With all the talk about “Big Data” you’d think that directing personalized and targeted mail to the right people at the right time requires a room full of analysts and engineers to accomplish. It’s not true.
While some organizations use mountains of data to promote products before customers even know they want them, most direct mail marketers can realize huge improvements in response and conversions by making simple adjustments that make their messaging more intelligent.
To make direct mail more effective, marketers must understand their audiences and have a clear vision of their desired outcomes. General messaging with non-specific calls to action don’t work nearly as well as personalized, targeted and well-timed messages.
Marketers can usually group prospective customers in the target audience into segments. Each segment may receive a different offer or be presented with relevant messages and graphical elements. The segmentation criteria will depend on the marketer’s business and what they are selling. It doesn’t have to be complicated.
A retailer with brick-and-mortar stores may promote in-store specials or events to customers within a reasonable driving distance of a store. Distant customers unlikely to visit a store in person might receive a mail piece emphasizing online shopping and include a discount code to encourage them to try ordering via the e-commerce web site.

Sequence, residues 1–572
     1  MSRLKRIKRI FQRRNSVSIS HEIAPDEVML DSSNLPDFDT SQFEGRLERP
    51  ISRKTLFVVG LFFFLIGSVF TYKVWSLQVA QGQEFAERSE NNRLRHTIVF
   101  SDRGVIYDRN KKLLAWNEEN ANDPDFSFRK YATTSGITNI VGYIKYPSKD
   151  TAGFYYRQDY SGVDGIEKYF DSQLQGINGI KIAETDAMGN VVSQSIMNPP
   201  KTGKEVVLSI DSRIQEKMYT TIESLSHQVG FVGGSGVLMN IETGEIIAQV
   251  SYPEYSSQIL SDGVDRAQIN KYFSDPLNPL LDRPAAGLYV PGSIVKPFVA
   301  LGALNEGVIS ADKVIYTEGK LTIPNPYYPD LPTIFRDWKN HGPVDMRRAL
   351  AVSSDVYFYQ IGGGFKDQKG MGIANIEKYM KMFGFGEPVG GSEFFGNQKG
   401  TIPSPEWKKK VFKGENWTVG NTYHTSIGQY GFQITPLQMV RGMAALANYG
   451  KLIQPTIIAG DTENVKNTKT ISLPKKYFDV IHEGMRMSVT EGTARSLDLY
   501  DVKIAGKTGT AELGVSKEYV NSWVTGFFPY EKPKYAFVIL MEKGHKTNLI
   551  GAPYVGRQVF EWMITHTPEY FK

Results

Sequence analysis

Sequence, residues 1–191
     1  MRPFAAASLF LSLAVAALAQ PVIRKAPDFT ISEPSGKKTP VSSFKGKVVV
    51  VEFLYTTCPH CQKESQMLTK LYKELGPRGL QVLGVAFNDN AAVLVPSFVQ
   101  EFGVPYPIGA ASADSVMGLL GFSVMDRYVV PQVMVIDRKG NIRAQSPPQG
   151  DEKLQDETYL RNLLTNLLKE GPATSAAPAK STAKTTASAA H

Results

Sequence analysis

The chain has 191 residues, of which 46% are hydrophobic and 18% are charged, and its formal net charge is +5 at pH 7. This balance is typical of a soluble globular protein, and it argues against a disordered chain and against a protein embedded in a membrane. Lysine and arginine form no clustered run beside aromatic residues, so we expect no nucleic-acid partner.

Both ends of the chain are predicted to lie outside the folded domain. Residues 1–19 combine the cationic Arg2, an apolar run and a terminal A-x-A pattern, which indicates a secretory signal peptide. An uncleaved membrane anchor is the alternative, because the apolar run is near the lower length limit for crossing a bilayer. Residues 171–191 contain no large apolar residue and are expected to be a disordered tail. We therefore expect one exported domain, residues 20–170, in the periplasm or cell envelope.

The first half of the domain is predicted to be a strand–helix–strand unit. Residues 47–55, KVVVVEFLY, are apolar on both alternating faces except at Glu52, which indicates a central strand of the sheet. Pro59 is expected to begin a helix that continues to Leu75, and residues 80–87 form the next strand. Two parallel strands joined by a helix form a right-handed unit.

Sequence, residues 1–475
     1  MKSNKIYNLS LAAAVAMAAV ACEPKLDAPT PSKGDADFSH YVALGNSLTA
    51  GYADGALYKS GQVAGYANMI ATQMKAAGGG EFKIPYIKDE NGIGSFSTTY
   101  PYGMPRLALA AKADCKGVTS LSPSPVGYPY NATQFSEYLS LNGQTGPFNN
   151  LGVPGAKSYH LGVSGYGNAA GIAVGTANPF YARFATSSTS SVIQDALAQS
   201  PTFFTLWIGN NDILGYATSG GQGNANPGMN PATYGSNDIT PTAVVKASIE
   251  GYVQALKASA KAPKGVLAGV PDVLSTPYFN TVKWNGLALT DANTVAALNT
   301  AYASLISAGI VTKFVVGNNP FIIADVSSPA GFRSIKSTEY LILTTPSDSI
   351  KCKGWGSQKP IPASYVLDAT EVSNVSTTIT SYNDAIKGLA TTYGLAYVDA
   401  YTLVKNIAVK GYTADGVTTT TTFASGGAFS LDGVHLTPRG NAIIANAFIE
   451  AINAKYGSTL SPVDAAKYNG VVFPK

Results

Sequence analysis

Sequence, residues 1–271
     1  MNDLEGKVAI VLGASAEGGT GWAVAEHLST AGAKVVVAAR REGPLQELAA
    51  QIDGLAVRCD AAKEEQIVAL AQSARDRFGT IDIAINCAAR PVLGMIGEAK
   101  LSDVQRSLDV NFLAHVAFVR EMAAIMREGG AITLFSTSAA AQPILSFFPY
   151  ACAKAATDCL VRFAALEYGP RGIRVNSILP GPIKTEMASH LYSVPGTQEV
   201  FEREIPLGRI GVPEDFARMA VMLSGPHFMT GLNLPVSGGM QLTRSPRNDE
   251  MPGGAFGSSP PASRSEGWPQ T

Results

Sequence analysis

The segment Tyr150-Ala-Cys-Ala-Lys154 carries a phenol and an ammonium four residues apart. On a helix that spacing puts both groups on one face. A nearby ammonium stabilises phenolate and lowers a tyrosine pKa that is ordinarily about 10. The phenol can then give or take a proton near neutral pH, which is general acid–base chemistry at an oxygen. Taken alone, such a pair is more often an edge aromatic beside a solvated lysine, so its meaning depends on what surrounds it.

In another case, the featured items in catalogs sent to customers with pre-school age children would be different than products directed at families with elementary school students. Middle school and high school households would see product information appropriate for older students. Grandparents might see products popular as gifts.
Marketers have been segmenting lists for decades, but digital printing technology and the availability of data today make it cost-effective to define more segments. Within a list segment, marketers can further improve direct mail performance by personalizing the content. Today’s personalization strategies far exceed the old practice of plugging the customer’s name into the message body. Assuming the data is available, text and images might reference past purchases, customer loyalty or other details unique to individual customers.
Direct mail that arrives at the right time can enjoy fantastic responses, but the power of implementing even the simplest time-based segmentation is often overlooked.
A house painting company could easily calculate when houses in a new development would be ready for re-painting and send their marketing material to those neighborhoods where homeowners are most likely thinking about painting their homes.
A roofing company, knowing hailstorms occur every spring, could spend the winter getting their creative material ready. At springtime, television and newspaper reports will pinpoint the areas suffering the worst hail damage. When the roofer provides their print services vendor with the target locations, discount coupons can arrive at the affected homes a few days after the storm.
To generate repeat business for any company, customer buying history will tell a business when customers that purchased in the past will be ready for replacements or maintenance services. If blenders usually last three years, then sending information on the new product line to owners of three-year-old blenders is likely to have a better response than promoting a sale on blenders to the entire list.
Marketers have more opportunities to fine-tune their campaigns today than in the past, with little increase in cost. Try adding some intelligence to direct mail and enjoy better returns.
To speak to EarthColor’s in-house experts on this topic and more, contact us today.